During a 911 call, the ELIN takes the place of the caller’s telephone number as the ANI and is used to route the call to the appropriate PSAP. The PSAP uses the ELIN to query the ALI database and retrieve the caller’s location (i.e. ERL). Should the caller be disconnected, the PSAP can also use the ELIN to call back the extension directly (which requires a temporary mapping of the 911 caller’s number to the ELIN), bypassing the PBX attendant or auto-attendant.

To find out more about emergency VoIP information and making sure you have proper e911 coverage, contact a member of the V1 VoIP team to make sure your e911 status is up to date.

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V1 VoIP Provides Lowest e911 Rates for Canada

V1 VoIP offers lowest e911 emergency call rates voip coverage in Canada

The Canadian Radio and Telecommunications Commission; the Canadian equivalent of the U.S. Federal Communications Commission (CRTC) made a ruling in April 2005, that all VoIP providers must provide 911 emergency service. When it comes to our Canadian resellers and their Canadian customers, V1 VoIP has stood up to meet their needs.

Many VoIP customers have ‘basic 911’ service which puts them in touch with a call center that takes down their address and contacts the closest emergency response center. Rather than have an address come up to a 911 responder or however their geographic location is defined, VoIP phone users are identified with their IP address. If calls are disconnected, the VoIP provider gives the customer’s last known address on file.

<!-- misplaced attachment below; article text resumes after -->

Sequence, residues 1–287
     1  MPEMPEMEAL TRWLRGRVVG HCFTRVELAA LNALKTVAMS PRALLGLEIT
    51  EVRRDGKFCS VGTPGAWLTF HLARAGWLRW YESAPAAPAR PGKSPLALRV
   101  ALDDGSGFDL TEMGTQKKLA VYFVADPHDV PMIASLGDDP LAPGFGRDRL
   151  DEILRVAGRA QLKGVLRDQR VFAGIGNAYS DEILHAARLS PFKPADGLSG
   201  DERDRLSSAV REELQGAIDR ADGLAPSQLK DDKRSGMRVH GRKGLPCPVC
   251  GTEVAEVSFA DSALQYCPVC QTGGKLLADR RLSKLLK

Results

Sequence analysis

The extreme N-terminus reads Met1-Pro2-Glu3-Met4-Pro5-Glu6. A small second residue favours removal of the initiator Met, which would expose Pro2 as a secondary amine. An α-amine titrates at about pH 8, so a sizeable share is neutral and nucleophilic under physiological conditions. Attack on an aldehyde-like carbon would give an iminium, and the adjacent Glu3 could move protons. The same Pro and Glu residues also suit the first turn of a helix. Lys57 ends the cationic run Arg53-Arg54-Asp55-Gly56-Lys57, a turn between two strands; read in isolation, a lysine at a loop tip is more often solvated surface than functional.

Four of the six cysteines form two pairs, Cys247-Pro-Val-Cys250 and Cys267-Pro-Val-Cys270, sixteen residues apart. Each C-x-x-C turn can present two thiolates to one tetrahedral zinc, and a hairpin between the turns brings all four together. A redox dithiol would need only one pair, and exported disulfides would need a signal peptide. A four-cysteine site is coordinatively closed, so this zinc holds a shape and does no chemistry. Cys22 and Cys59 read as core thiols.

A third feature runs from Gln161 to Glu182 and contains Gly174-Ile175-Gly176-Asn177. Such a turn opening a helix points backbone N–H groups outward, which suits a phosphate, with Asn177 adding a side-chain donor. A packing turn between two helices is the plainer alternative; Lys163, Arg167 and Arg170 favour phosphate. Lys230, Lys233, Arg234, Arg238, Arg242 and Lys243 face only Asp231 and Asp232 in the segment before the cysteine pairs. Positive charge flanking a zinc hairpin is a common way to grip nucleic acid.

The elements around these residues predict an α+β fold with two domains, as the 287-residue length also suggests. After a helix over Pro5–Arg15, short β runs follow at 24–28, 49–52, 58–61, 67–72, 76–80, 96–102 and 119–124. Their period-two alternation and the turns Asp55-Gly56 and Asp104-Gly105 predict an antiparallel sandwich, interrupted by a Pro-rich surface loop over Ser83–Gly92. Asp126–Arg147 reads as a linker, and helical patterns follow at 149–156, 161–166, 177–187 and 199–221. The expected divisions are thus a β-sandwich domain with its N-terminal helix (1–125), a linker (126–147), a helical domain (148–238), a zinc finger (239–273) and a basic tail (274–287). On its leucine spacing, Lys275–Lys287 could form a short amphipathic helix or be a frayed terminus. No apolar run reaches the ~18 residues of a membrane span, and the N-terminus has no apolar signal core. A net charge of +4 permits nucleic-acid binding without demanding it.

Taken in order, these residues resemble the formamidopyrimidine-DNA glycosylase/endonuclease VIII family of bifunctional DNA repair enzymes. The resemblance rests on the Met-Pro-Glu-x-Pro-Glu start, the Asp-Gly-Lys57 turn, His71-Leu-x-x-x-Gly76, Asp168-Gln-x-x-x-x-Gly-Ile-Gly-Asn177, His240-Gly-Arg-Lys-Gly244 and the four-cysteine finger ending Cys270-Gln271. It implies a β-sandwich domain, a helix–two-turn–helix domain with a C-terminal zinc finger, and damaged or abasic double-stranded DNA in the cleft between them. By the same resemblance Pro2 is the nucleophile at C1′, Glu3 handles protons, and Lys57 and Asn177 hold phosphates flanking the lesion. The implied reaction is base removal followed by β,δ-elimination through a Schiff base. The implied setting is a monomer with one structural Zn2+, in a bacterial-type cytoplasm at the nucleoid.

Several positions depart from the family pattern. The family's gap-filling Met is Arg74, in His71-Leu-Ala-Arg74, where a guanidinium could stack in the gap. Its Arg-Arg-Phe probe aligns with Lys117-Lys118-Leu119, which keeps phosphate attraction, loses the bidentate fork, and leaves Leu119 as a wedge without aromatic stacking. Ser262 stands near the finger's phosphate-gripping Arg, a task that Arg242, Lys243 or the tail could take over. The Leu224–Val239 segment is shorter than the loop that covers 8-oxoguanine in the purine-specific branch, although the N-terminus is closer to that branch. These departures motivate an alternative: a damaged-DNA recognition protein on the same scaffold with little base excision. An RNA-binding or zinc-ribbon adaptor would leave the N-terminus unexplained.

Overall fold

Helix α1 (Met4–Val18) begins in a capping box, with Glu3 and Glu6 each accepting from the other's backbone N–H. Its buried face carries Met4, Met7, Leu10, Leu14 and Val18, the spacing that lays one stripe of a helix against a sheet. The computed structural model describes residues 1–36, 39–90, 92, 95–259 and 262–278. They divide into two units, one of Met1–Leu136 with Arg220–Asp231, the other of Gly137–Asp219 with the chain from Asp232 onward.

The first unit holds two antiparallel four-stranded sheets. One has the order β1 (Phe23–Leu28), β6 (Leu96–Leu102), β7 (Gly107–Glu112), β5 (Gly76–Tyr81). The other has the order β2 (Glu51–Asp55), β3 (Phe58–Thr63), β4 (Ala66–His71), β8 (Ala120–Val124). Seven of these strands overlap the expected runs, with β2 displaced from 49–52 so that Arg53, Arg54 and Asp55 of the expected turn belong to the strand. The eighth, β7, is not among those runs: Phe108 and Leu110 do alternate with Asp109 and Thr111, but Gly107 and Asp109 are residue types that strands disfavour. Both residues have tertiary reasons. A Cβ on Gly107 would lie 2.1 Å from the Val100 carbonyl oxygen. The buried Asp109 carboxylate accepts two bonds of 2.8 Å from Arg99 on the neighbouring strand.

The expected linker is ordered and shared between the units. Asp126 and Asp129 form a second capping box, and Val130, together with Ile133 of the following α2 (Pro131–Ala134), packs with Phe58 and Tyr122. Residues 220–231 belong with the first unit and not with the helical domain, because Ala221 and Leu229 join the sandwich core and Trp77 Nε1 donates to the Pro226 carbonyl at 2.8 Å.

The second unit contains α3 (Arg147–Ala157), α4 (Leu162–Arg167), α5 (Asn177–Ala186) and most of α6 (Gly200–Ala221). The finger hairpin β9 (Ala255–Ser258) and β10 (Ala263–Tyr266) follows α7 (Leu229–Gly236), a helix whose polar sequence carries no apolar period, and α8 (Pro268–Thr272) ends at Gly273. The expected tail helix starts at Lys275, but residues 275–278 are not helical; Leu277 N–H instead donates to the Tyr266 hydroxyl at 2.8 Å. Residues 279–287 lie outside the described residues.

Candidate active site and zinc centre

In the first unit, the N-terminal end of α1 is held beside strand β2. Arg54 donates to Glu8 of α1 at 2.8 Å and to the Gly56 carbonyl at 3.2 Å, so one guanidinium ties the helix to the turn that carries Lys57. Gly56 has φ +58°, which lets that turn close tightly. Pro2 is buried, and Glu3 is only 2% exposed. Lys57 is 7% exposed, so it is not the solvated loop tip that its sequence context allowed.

However if using the enhanced e911 services provided by V1 VoIP, enhanced 911 service sends location information on customers directly to emergency services.

V1 VoIP’s enhanced e911 solution provides nationwide E911 coverage in both the United States and Canada. Voice service providers simply need to establish a SIP trunk to V1 VoIP’s emergency services network. Customers can update and validate their locations in real-time using V1 VoIP’s provisioning interface, which can be incorporated directly into the VSP’s website.

When 911 is dialed, V1 VoIP’s Emergency Routing Service delivers the call to the appropriate PSAP based on the caller’s registered location, ensuring that the correct location data and callback number appear on the dispatcher’s screen.

Contact V1 VoIP now to learn more about our incredible low rates and coverage for e911 for all of Canada as well as the United States.